EC: Yeah it is! It’s kind of embarrassing. Well, not embarrassing, but one of those super private things that at first I was like, oh should I tell people this? Should I not? I’m glad I did because I think it’s a really cute story and I think people like hearing what goes behind a song. Basically when we got married, we had a big wedding with all our family there. We actually didn’t really do a proper rehearsal though, because everything was so chaotic. When it came down to saying our vows and everything we barely said ten words to each other and were super awkward. It was a great day and I don’t have regrets or anything, but I thought about it afterwards and was like wow, you know, for the eight years of our relationship, that was the best I could do? I just thought I needed to come up with something a little better. Nic had this melody, really a song, that was already done and just needed lyrics. It was one of the last ones we did before we put the record out and I remember hearing that chorus part and being like oh, this song makes me feel so good and reminds me of being in love. It just happened really quickly and was an easy kind of thing, which most songs for me usually aren’t. That one came really easily to me.
MH: You guys are very DIY and have been doing the recording process primarily on your own, right?
NC: That’s what’s held this band together — being able to record ourselves because then you can craft the whole process as you go, you know? Yeah and also instruments along the way. Drums are the only instruments that we both don’t play, even though we may mess around on them, we both love drums. Actually on the album, there’s about five different drummers. We would try to get each of them to play the sound that was in our heads and tried to make it all sound like the same drummer. Yet, I really feel like the songs capture the personalities of each one. We identified all of them on the album so people can see who played which songs. While I can definitely tell the difference between them all, people have said that the album still sounds veery cohesive.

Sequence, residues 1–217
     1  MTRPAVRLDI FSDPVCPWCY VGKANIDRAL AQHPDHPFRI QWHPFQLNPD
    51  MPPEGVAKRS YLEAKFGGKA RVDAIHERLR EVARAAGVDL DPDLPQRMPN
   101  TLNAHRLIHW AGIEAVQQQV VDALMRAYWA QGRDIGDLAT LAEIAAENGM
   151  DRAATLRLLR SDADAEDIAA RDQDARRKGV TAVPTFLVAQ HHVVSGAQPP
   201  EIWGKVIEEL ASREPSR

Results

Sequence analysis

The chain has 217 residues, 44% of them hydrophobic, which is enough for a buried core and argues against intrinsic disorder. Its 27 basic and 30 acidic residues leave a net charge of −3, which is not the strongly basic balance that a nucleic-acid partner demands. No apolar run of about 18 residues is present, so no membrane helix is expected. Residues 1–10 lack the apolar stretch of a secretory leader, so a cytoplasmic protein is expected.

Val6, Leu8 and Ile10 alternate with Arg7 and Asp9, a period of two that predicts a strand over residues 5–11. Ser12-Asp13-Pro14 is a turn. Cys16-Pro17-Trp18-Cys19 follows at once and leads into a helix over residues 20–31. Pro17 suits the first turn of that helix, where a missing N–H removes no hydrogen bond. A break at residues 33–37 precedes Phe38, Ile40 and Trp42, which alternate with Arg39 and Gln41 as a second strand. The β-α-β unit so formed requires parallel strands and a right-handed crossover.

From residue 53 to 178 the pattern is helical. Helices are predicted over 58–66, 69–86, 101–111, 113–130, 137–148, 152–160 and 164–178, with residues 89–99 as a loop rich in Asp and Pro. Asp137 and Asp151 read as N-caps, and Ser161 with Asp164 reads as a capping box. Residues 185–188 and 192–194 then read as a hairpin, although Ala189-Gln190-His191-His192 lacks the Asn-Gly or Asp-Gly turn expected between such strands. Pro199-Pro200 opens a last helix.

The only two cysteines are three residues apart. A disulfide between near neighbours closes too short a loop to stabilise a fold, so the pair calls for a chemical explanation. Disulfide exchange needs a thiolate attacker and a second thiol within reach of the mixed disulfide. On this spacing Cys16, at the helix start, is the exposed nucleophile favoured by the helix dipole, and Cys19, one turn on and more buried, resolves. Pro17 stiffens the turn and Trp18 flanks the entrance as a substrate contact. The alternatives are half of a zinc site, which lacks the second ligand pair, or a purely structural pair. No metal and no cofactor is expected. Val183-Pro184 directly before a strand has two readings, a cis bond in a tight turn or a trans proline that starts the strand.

MH: Do you see yourselves continuing that pattern of multiple people on drums or do you think you may expand the band?
NC: For a while it was the two of us getting in front of an audience with a lot of tracks behind us. We would do our songs with keyboards and stuff, but after that we got a drummer, Adam Skinner, who played drums for a while. Then he jumped over onto bass and we got our permanent drummer Colin Oakley. They’ve been with us for a while and have both helped us evolve with our sound.
EC: We’re looking forward to the day when we can start playing shows again.
MH: How has the COVID-19 pandemic affected everything with the band and performances?